DK: The moment of confrontation between Sandra and the “real Amina” makes for a very emotional scene in the film. How did that unfold in real life and what was your input on how to present it on the screen?

Deraspe: That is the pure magic of documentary—when one is willing to take risks, show up and trigger some events, but let reality unfold. Sandra showed a great deal of courage by travelling the globe to face the truth. She had the guts to question herself as well, and not just play the role of a victim. For her, and therefore for the film, this encounter offered a sense of closure. We could almost call it a therapeutic journey.

DK: You traveled far and wide to make this documentary. Could you share your experience with us? Were there any highlights that enriched your understanding of the culture/theme you were covering?

Deraspe: I have to admit that sometimes I felt pretty nervous before some of the meetings we had or some of the borders we crossed. In retrospect, I think I made the exact right decision to go alone with Sandra, doing the camera work and sound myself. We were very mobile, which is quite convenient when you want to travel the world and be flexible enough to record any events that might suddenly arise or new characters that you might come across. We had wonderful cooperation and were not a threat to anybody. But now, I can’t help but direct my gaze toward Syria. Before we left the country, we didn’t know to what extent the Syrians had been impacted by the Amina affair. Having a connection with some of them now deepens my sorrow. I could never have imagined that these people would be suffocated to the extent that we see today. It is not human.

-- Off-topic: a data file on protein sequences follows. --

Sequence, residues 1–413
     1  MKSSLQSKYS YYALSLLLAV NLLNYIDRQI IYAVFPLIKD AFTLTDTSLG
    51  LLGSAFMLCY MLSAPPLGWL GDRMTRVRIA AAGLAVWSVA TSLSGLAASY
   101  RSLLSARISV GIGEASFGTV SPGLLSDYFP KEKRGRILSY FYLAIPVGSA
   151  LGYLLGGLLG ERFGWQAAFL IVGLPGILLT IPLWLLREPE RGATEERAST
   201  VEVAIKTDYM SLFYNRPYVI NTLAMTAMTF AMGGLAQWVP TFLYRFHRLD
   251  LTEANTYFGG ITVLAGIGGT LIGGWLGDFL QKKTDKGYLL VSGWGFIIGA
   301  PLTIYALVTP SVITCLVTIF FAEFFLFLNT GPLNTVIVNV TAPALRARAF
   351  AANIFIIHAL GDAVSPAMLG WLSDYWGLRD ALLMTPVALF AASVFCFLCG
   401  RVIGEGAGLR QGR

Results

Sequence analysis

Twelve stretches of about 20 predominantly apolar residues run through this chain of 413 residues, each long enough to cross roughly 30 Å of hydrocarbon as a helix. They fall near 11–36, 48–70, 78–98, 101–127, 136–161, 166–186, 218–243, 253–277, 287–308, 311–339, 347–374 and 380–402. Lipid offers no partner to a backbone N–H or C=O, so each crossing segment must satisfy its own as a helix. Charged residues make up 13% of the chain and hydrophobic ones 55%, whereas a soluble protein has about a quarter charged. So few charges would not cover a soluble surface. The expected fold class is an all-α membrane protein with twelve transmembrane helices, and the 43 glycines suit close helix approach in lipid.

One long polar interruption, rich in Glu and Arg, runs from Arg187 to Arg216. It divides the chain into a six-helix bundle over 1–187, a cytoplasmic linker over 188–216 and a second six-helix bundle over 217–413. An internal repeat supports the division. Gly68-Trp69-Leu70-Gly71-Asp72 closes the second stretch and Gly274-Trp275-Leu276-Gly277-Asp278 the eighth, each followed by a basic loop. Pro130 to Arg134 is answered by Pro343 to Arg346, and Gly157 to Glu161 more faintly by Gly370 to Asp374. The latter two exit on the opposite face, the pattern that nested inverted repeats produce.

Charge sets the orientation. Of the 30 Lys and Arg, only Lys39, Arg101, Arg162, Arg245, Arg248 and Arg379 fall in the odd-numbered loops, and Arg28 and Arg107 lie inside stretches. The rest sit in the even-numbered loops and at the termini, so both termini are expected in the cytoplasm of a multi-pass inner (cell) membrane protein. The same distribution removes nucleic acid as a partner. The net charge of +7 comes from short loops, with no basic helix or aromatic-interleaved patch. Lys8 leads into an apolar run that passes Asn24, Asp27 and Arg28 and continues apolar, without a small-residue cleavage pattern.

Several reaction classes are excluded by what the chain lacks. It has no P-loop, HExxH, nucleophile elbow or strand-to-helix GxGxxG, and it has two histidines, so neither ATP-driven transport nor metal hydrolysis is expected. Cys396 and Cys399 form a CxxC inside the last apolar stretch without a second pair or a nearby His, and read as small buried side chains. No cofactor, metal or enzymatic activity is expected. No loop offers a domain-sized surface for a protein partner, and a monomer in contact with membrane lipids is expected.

DK: What was the most challenging problem you overcame in making this film?

Deraspe: Finding the right equilibrium between the personal story and the bigger sociological/media/political aspects was a challenge. This is a complex story that addresses many important issues, such as online identity, trust in media, the need for connection, the vulnerability of a state and its people during the turmoil of a revolution. I had to make sure these serious issues were covered but in a smooth way, by keeping the narrative flowing and even the hilarious twists and turns happening.

DK: Was it difficult to find finance for this project?

Deraspe: I have the fortune of living in Quebec, Canada, a state that supports its culture and artists. Therefore we have access to grants and investments from different government organizations. I’m not saying it is easy, since a lot of projects apply for funding and the budgets are limited, but at least we know that not only the business side of movie making counts, but also the importance of a subject and the vision with which it is treated. I started financing very slowly, first with artist grants from the Quebec and Canada councils for the arts. I needed the freedom to start shooting by myself, with Sandra alone, and to tackle the riskiest parts, the things that we couldn’t totally predict. Once that was done, I had something very strong in my hands and could go to other, more important players, for financing.

About :

Dana Knight is a former writer for The Independent.